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World journal of gastroenterology

Up-regulation of mitochondrial chaperone TRAP1 in ulcerative colitis associated colorectal cancer.


PMID 25493016

Abstract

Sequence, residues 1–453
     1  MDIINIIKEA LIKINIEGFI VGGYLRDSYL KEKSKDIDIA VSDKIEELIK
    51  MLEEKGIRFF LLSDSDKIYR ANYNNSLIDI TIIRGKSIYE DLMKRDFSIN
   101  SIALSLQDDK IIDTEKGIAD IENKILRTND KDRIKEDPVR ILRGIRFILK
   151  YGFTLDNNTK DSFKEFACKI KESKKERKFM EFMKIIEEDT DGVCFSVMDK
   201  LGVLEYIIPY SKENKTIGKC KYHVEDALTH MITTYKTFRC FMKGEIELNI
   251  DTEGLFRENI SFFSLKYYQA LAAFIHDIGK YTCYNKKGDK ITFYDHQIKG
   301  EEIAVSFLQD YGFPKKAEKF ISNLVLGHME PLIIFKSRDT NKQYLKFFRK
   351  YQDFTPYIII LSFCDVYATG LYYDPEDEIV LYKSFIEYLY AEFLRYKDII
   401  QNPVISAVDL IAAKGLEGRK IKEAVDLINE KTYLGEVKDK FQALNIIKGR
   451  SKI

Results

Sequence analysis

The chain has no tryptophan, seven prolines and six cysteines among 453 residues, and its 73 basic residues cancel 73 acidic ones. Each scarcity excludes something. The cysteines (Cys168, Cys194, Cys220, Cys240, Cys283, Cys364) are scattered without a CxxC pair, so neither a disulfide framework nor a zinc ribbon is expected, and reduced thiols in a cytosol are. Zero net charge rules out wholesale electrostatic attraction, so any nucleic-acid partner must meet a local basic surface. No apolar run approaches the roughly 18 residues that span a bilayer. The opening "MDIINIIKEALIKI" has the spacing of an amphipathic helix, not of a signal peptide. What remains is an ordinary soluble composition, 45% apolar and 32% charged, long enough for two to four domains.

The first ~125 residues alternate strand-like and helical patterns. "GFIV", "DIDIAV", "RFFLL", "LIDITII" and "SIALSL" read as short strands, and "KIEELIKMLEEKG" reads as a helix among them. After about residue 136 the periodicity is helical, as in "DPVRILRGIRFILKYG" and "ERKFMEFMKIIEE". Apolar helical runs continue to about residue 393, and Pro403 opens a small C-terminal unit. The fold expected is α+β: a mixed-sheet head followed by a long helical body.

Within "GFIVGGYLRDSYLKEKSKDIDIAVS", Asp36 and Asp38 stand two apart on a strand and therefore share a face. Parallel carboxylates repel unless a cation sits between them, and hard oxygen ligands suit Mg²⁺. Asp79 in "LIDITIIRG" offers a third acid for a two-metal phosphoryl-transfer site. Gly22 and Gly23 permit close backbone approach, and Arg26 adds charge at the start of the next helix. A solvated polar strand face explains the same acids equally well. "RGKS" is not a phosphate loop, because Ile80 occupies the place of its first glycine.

To characterize tumor necrosis factor receptor-associated protein 1 (TRAP1) expression in the progression of ulcerative colitis (UC)-associated colorectal cancer. Chronic UC is an inflammatory bowel disease that predisposes to colorectal cancer. Immunohistochemical analysis was used to evaluate TRAP1 expression on tissue microarrays containing colonic tissues from 42 UC progressors (patients with cancer or dysplasia) and 38 non-progressors (dysplasia/cancer free patients). Statistical analyses of the TRAP1 immunohistochemistry staining were performed using GraphPad Prism. Differences in the TRAP1 level between non-progressors and progressors were tested for statistical significance using the Mann-Whitney test. Receiver operating characteristic curve method was used to quantify marker performance in distinguishing diseased cases from controls. TRAP1 was up-regulated in the colon tissues from UC progressors, but not in the colon tissues from UC non-progressors. Moreover, up-regulation of TRAP1 preceded the neoplastic changes: it was present in both the dysplastic and non-dysplastic tissues of UC progressors. When TRAP1 staining in rectal tissue was used as a diagnostic marker, it could distinguish progressors from non-progressors with 59% sensitivity and 80% specificity. Our study further showed that the increase of TRAP1 expression positively correlated with the degree of inflammation in the colorectal cancer tissues, which could be related to the increased oxidation present in the colonic mucosa from UC progressors. We then investigated the cellular proteome changes underlying oxidative stress, and found that oxidative stress could induce up-regulation of TRAP1 along with several other negative modulators of apoptosis. These results suggest that oxidative stress in long standing UC could lead to the increase of cytoprotective protein TRAP1, which in turn could promote cancer progression by preventing or protecting the oxidative damaged epithelial cells from undergoing apoptosis. TRAP1 could be a potential diagnostic marker for UC associated colorectal cancer.